Of course, as John Lennon once said, life is what happens when you are making other plans. I have a medical problem come up that required surgery, and it wasn’t anything I could postpone. And in diagnosing the problem they took X-rays, and those disclosed a possible heart problem that meant I have to meet with my cardiologist. Neither of these ended up being anything major. The biggest problem with my cardiologist, for instance, was getting an appointment in less than two months time. I was able to do it by visiting him in a more remote location from the main office because he had an opening there. And other than a small change in medications, when I told him we were planning to go out west and do things like hiking he thought it was splendid idea and encouraged me to keep doing it. But our original departure date of December 2 was throroughly thrown out the window, and we now had a date of December 20 to shoot for. That meant calling the places we had booked for the first few weeks and either canceling (Pahrump), or rescheduling (all of the stops going out from Michigan). But by leaving 12/20 and keeping everything else in the same relative time frame, we counted the days and figured we could hit our reservation in Topock, Arizona as scheduled, and all subsequent stops, without making any changes. So that is what we decided to do.
That left us with the preparations. Our RV and truck were stored in a storage lot about a half-hour from our house, and for preparing a trip that was not ideal. So we brought them to our house. That meant parking on the street since we have a small suburban lot, and to park the RV in front of our house (ideal) meant we had to do some tree trimming, while the truck went around the corner to a dead-end street where it wouldn’t bother anyone. In the RV we had to start loading all kinds of things. Linens for the bed, towels, clothes, dishes, books, DVDs, a gaming computer,… Well, you get the idea. We had prepared a lengthy checklist. For mail, we put in a “Temporary Change of Address” with the post Office, and had all of our mail sent to Escapees in Texas. They would hold it all, and send it back to us when we were ready (and they did a good job of that. We got our mail only a few days after asking for it.) We turned off the water in our home to avoid any potential problems, and turned down the thermostat to the mid-50s Fahrenheit. We disconnected the batteries in our cars so that they wouldn’t drain while we were gone, and made sure the sump pump back-up battery was full of distilled water. And we prepared itineraries for our trip with locations and phone numbers which we gave to some family members just in case. There was more, but that is a whole topic in itself. You can find checklists like we used on the Internet, such as this Ultimate RV Packing List for a First Time Camper.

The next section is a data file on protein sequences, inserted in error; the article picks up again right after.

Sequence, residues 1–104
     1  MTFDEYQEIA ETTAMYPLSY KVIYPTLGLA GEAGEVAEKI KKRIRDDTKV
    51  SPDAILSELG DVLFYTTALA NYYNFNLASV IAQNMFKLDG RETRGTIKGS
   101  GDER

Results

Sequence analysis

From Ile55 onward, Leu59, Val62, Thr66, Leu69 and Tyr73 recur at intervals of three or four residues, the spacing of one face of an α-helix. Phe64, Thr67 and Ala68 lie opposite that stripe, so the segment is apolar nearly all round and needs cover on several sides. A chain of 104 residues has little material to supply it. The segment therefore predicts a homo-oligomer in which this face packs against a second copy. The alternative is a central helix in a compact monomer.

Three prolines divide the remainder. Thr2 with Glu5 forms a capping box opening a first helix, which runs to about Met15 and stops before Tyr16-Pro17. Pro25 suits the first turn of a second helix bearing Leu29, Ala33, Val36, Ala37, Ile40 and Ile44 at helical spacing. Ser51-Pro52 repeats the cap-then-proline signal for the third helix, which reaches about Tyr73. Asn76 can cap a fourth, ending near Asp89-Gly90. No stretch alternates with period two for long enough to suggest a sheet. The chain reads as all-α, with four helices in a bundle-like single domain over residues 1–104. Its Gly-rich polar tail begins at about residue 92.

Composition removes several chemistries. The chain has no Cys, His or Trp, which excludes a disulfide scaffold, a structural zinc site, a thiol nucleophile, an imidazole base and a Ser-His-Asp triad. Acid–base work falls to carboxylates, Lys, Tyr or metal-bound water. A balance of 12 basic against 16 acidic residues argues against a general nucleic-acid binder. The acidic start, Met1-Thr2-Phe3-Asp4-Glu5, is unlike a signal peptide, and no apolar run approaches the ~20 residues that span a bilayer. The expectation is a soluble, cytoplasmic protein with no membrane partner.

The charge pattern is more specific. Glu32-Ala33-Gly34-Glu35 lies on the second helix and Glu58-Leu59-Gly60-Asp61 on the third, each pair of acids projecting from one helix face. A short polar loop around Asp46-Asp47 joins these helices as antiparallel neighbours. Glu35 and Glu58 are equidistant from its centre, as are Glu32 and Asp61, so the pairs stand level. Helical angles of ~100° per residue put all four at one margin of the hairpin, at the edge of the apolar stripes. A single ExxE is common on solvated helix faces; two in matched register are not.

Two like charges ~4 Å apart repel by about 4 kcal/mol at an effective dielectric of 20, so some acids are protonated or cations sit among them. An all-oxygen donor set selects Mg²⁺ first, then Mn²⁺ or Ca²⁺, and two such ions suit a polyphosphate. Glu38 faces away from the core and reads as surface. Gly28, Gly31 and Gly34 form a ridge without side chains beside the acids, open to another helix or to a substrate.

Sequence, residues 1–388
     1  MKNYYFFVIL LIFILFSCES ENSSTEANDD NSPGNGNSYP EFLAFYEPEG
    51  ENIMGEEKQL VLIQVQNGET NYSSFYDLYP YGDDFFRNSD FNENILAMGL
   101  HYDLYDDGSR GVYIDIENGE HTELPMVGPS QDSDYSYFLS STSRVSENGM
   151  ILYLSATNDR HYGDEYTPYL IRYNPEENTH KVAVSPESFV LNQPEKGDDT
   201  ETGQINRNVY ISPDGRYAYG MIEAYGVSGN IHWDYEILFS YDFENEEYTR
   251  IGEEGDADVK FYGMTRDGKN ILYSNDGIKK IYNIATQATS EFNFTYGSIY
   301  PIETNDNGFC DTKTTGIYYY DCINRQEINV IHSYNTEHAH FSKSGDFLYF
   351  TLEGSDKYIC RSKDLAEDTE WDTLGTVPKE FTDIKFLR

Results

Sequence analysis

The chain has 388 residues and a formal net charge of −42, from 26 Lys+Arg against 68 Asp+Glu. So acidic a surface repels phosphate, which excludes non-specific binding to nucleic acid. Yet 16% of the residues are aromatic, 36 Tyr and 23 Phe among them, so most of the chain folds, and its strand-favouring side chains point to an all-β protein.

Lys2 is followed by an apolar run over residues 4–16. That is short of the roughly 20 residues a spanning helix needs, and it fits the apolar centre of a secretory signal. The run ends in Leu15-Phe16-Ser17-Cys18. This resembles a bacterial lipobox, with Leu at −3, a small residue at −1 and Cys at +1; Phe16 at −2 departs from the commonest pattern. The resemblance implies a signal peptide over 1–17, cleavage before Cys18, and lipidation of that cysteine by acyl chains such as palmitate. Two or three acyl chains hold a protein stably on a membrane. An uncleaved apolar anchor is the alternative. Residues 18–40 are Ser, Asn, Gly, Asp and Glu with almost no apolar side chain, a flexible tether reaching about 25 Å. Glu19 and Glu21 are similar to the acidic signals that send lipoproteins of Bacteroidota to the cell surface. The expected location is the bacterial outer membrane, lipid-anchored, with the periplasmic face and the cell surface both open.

From here I am going to start incorporating the diary I kept on our trip. I do this very time we travel and I’m always glad to have it.
Saturday, December 18
We picked up the RV from the storage lot and brought it home so we could load it up. We can park it on the street in front of our house, but because of the rain gutter it is not level. So we put some boards down and drove onto them. Unfortunately, one of the boards got the full weight of the RV on one end, the other end rammed up, and we broke our stairs. Not the best start to our trip. Cheryl went to Camping World and picked up a replacement set of stairs.
Sunday, December 19
Kevin got to work on removing the old broken stairs, and got most of them out. But the last few bolts we could not move at all. It will take someone with better equipment to get those last ones out. We are going to try finding a repair site on the road, but right now most places are very busy, so it may have to wait. For now we are using a folding step ladder. We did get everything loaded into the RV though, so we should be good to go tomorrow.
Monday, December 20